This image is just one example of a stick shift. Also known as part of a manual or standard transmission. Also known as the bane of my existence.
Dear Stick Shift: I hate you. If I never saw you again it would be too soon. Love, Lane
If you’ve lived within a 200 mile radius of me over the last two years (particularly if your name is Sherry or Hilary) or if you have been subject to my e-mail rantings on this subject, then you have no confusion about how I feel towards these types of transmissions. In case you are one of the 3 or 4 people in the world who doesn’t fit into one of those categories, here’s the long and short of it:
When I was learning to drive for the first time, my parents owned a green-ish, standard transmission Dodge Neon. And being the independent, able individuals that they are, they thought it was best I learn to drive on the Neon, and I concurred. Their logic was that once I knew how to drive stick, I could drive anything. My logic was that I would rather drive a Neon than a Chevy Lumina MiniVan. I can see now in retrospect, their logic was more sound.
My dad became my driving coach and the parking lot across the street became the test track. My sister, for some reason I still cannot imagine, was put in the backseat to heckle. You can guess where things went from there. Let’s just make a long story short and say a) my dad is not the most patient teacher (other sources will confirm this) and did most of his teachings by yelling “CLUTCH” “NO” “STOP” “GAS” at intervals, b) I am not a calm nor collected driver, and I panic easily and c) my sister was 11 at the time, and thought my failure was hilarious. Why was she in the backseat again?
After two or three rounds of this kind of torture, I did the same thing I always do when feeling stressed and anxious about something: I gave up on it entirely. I vowed then and there that I would never, ever drive a stick shift. And I was working my way up to keeping that vow, until we moved to Europe.
Over here, an automatic transmission is like the Loch Ness Monster. You know it probably exists, you just haven’t seen one for yourself. Perhaps old women lacking the strength to shift gears or people with one arm or one leg would be excused for wanting to drive an automatic, but when I suggest that I might need one, people just roll their eyes/sigh heavily/look confused/mutter something inaudible in a foreign language. Whatever.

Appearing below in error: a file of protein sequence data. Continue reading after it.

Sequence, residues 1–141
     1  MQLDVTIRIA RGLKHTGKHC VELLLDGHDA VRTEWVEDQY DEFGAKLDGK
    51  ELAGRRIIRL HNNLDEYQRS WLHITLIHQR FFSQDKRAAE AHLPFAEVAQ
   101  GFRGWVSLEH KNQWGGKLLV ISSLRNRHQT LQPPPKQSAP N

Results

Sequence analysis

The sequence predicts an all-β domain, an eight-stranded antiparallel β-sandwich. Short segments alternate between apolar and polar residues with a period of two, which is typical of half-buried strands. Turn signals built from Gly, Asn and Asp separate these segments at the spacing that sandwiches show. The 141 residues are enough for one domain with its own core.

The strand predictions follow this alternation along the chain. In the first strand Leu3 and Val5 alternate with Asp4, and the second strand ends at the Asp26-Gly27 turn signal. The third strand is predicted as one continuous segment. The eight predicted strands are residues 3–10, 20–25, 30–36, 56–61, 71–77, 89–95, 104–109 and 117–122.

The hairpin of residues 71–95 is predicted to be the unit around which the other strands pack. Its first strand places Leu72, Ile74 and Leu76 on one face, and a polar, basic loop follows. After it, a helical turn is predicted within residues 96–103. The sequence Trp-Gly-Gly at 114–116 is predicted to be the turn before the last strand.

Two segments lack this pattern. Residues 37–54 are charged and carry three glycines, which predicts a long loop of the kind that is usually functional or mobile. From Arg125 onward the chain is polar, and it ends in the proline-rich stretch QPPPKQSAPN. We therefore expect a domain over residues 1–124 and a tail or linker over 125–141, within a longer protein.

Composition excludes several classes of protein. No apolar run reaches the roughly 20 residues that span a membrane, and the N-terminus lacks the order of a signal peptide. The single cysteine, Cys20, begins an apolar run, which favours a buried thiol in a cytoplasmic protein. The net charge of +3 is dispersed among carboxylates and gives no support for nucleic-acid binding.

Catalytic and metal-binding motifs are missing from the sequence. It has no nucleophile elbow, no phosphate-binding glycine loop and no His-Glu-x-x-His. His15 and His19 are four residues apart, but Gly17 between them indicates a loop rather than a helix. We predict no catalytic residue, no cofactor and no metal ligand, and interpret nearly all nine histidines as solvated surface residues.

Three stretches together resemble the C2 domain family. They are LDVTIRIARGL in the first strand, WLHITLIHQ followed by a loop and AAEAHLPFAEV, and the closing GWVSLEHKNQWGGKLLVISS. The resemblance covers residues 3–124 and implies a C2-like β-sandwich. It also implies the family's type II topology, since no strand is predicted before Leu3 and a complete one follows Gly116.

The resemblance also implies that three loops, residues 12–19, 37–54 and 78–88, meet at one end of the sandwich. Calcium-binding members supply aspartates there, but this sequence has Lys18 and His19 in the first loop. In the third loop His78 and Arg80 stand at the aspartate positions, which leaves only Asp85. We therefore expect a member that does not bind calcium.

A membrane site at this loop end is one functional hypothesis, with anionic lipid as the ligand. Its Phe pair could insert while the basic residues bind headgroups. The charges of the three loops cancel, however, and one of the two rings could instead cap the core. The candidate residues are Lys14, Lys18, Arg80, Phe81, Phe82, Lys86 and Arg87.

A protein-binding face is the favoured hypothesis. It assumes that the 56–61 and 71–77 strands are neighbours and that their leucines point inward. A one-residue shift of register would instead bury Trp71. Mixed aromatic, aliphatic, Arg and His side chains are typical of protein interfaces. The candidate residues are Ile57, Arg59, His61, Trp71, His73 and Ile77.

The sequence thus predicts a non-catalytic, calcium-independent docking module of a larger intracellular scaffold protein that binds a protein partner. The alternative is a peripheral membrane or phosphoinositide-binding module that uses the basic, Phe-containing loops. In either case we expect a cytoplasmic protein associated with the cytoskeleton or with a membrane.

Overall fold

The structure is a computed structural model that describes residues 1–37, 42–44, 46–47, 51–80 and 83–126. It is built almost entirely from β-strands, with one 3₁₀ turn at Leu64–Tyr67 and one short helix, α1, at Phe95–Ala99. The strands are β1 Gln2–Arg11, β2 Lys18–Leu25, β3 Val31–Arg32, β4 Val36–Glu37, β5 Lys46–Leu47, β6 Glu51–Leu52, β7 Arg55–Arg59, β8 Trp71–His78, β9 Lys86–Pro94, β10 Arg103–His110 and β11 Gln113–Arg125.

I can already hear what many of you are saying. I’ve heard it all before. “Driving a stick is FUN once you learn!” “It’s really easy once you get the hang of it!” “You’re going to love it!” To these people I say, in this order, it’s not fun, it’s not easy, I don’t love it.
Last year, a combination of laziness, petrification and the swarms of intimidating cyclists kept me off the road at all. I did attempt to learn a couple times, and my friend Hanny was lovely enough to tutor me in her spare time, but nothing came of it besides a couple panic attacks. I relied on my feet, my bike, my ever cheerful friend and chauffeur Sherry and my enabling husband Dave to get me where I needed to go.
This year we were given the exact same car and I had the exact same problem: I couldn’t/wouldn’t drive. And instead of the incredibly flat terrain I could have learned on last year, I was now dealing with the hilly terrain of the German foothills and forests. Shite. But this year I was lacking both Sherry and a bike, so I had to learn to drive if I ever wanted to see one of Dave’s games. Plus, I joked that I should learn in case I ever needed to drive Dave to the hospital. Turns out that wasn’t so funny.
As it would turn out, my dad’s method of stern direction with sporadic shouting was not my preferred learning method. Dave tried this method a couple times too, but the screaming/crying/vowing-to-never-drive-again that followed discouraged him to continue it’s use. Eventually, we sat down and he explained to me why I needed to put the clutch in and what was actually happening as I shifted. As simple as that sounds, I had no idea as to the inner workings of the gearshift-thing until then and understanding at the most basic level made driving a lot easier. And off I went. I went to the movie store, to McDonald’s, to the rink. I went slowly, I waited at stop signs for inordinately long periods of time, I lurched and I stalled. But I went nonetheless.
Truth be told, I never drive when I have the option not to. But today was a huge accomplishment for me. Hilary and I were invited back to the school where I spoke before to discuss the German vs. American/Canadian school systems. The session was during a time when Dave had practice, and I had to buck up. Considering my test-run to the school, about 40 kilometers away, ended up with Dave driving (long story, some tears involved), I was nervous. I literally lost sleep over it. I found myself doing relaxation exercises that I used to prescribe for anxious clients. The day and hour of our departure came. I bucked, checked gauges, adjusted mirror. I went. I picked up Hilary. We merged onto the Autobahn, Hilary checked the blind spot and spoke in a calm voice while I squealed and resisted the urge to close my eyes. We navigated construction and popped curb to avoid killing an old man on a bike with a suicide wish. We made it to the school and back in one piece.
I did it. I drove. Alone. To another town with highways and exits and twisty turns and parking lots. Here are some pictures of our visit to the school, including the display board the students made from my first visit. The fruits of my driving labor.
*photo courtesy of: brutal